Communist Thug Dies


Cuba's former president Fidel Castro, pictured in 2003, has died at age 90.“When I was 23 years old I refused to do something that at the time seemed very small. I refused to say a few words, ‘I’m with Fidel.’ First, I refused to sign on my desk at the postal office that said that, and after years of torture and watching many fellow fighters die, either in body or in spirit, I still refused to say those words.

“If I just said those three words, I would have been release from prison.

“My story is proof that a small act of defiance can mean everything for the friends of liberty. They did not keep me in jail for 22 years because my refusal to say three words meant nothing. In reality those three words meant everything.

“For me to say those words would have constituted a type of spiritual suicide. Even though my body was in prison and being tortured, my soul was free and it flourished. My jailers took everything away from me, but they could not take away my conscience or my faith.”

– Armando Valladares, The Wall Street Journal, November 28, 2016, p. A 19

“Fidel Castro jailed political prisoners at a higher rate than Stalin during the Great Terror. He murdered more Cubans in his first three years in power than Hitler murdered Germans during his first six. Alone among world leaders, Castro came to within inches of igniting a global nuclear holocaust.”

– Humberto Fontova The Longest Romance: The Mainstream Media and Fidel Castro

Fidel Castro’s Communist Utopia

He turned a developing Cuba into an impoverished prison.

 Fidel Castro’s legacy of 57 years in power is best understood by the fates of two groups of his countrymen—those who remained in Cuba and suffered impoverishment and dictatorship, and those who were lucky or brave enough to flee to America to make their way in freedom. No progressive nostalgia after his death Friday at age 90 should disguise this murderous and tragic record.

Castro took power on New Year’s Day in 1959 serenaded by the Western media for toppling dictator Fulgencio Batista and promising democracy. He soon revealed that his goal was to impose Communist rule. He exiled clergy, took over Catholic schools and expropriated businesses. Firing squads and dungeons eliminated rivals and dissenters.

The terror produced a mass exodus. An April 1961 attempt by the CIA and a small force of expatriate Cubans to overthrow Castro was crushed at the Bay of Pigs in a fiasco for the Kennedy Administration. Castro aligned himself with the Soviet Union, and their 1962 attempt to establish a Soviet missile base on Cuba nearly led to nuclear war. The crisis was averted after President Kennedy sent warships to intercept the missiles, but the Soviets extracted a U.S. promise not to invade Cuba again. Continue reading

Geert Speaks

“We, Dutch, say whatever is close to our hearts. And that is precisely what makes our country great. Freedom of speech is our pride.” Geert Wilders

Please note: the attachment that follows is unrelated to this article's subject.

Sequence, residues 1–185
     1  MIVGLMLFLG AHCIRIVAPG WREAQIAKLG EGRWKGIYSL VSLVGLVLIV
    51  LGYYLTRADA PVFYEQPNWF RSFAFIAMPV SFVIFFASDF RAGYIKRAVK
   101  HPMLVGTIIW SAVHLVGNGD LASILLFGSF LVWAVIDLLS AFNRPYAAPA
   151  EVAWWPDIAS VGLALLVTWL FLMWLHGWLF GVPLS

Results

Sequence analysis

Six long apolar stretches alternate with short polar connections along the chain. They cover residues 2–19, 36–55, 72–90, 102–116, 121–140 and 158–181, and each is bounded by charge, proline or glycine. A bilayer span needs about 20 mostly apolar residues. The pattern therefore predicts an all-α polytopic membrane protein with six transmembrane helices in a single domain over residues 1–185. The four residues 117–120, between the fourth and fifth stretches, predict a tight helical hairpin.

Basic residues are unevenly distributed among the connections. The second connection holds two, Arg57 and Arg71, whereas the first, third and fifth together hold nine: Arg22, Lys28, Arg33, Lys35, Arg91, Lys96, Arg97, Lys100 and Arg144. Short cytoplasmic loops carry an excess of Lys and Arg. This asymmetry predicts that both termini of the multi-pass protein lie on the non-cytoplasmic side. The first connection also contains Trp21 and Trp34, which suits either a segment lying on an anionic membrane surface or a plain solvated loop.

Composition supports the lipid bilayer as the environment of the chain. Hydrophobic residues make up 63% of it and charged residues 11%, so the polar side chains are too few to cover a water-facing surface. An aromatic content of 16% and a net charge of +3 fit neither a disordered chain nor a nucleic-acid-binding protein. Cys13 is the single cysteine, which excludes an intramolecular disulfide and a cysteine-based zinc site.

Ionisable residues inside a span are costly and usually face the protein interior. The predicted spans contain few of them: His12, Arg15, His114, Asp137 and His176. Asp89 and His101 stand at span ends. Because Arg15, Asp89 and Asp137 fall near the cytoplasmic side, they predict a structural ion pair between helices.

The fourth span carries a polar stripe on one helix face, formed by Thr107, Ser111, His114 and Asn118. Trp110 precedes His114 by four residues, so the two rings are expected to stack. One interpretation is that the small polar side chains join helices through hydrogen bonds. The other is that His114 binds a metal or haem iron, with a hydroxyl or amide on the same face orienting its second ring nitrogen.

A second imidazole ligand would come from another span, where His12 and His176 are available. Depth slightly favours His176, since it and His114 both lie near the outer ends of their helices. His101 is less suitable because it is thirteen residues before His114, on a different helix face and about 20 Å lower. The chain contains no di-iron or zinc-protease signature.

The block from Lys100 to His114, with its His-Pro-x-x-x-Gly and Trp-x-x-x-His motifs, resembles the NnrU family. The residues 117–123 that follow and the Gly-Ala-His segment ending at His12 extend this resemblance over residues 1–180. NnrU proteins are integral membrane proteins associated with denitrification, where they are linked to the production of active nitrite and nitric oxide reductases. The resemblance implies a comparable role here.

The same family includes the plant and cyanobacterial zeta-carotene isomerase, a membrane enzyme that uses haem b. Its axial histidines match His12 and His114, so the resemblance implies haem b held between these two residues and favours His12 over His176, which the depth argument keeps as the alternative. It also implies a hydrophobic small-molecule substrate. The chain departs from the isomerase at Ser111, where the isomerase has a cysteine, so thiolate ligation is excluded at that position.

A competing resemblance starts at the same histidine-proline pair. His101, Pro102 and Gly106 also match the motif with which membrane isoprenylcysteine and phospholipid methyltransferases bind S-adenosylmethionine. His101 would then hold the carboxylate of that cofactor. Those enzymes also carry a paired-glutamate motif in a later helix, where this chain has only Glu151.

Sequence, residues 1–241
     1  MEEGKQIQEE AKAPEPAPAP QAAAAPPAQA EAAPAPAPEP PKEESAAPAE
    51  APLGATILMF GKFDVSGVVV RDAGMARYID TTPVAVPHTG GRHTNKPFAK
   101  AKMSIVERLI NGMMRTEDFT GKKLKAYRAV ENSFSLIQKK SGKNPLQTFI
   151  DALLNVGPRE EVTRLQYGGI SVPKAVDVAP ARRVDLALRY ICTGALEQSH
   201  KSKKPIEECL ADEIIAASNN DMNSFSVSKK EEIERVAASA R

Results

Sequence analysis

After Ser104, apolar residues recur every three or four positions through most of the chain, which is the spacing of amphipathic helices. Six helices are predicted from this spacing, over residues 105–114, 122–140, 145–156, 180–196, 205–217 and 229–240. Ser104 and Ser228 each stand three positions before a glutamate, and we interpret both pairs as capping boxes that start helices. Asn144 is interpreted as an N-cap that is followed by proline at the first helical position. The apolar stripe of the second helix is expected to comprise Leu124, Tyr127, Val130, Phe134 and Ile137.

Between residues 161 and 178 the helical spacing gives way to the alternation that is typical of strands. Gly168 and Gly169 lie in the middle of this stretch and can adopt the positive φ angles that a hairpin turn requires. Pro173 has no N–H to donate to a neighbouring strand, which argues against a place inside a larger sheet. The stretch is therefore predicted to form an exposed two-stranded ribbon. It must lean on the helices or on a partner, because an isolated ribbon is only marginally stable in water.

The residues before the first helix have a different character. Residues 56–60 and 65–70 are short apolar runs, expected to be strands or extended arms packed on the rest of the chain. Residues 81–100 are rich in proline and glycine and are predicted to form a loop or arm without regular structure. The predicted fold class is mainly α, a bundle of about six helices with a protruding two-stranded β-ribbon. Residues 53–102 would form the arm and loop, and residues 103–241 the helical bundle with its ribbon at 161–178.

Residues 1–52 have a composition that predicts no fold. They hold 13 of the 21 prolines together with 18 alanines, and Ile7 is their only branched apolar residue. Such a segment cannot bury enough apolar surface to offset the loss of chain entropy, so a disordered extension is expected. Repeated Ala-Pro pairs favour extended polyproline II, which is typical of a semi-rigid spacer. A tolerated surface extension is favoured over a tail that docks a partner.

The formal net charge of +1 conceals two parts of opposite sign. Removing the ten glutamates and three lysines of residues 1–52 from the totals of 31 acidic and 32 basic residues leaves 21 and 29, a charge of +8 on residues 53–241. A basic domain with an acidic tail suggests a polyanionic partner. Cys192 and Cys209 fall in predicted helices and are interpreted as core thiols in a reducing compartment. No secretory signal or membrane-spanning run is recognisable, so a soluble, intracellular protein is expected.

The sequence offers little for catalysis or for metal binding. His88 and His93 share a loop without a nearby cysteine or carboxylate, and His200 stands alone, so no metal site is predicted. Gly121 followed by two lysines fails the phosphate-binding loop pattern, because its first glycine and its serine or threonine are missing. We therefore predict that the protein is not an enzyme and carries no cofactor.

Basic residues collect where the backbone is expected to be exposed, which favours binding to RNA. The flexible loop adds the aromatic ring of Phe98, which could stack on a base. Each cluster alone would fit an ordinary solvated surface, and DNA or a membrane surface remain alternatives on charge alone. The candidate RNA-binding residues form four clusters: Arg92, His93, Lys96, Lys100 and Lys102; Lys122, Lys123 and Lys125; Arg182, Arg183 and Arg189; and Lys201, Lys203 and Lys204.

“For centuries, the Netherlands are a symbol of freedom.” Ibid

“You [Court members] will never have to be protected because Islamic terror organizations, such as Al-Qaeda, the Taliban and ISIS, and who knows how many individual Muslims, want to murder you.” Ibid


A last plea for preservation of the freedom of speech in the Netherlands.

From the Gatestone Institute, the final court statement of Freedom Party Geert Wilders: Continue reading

Cohabiting—No; Marriage—Yes

“Cohabiting is particularly devastating for young women, who risk wasting the years during which they are most likely to find a suitable mate and have children by chasing someone who just isn’t that into them.” Bradford Richardson

Cohabitation effects

Bradford Richardson, The Washington Times, November 14, 2016, p. 21

cohabitation-comic-51A new study examining the commit­ment levels of young couples casts doubt on the modern wisdom that moving in together is a prudent step before marriage — especially for women.

Published in the Journal of Social and Personal Relationships bv researchers at the University of Denver last month, “Asymmetrically committed relationships” looked at a sample of 315 unmarried cou­ples between the ages of 18 and 34. The couples had been together for two years at the time of the study s inception, at which point 59 percent were dating and 41 percent already had shacked up.

The study found that 35 percent of couples had asymmetric levels of com­mitment, or relationships in which one partner is significantly more interested in stavim; together than the other. Cohabiting couples were more likely to have vary­ing levels of loyalty to one another than their dating counterparts, 42 percent to 30 percent.

Not surprisingly, asymmetrically com­mitted couples are more likely to report lower relationship quality, including more conflict and aggression, than couples with mutual levels of devotion. Continue reading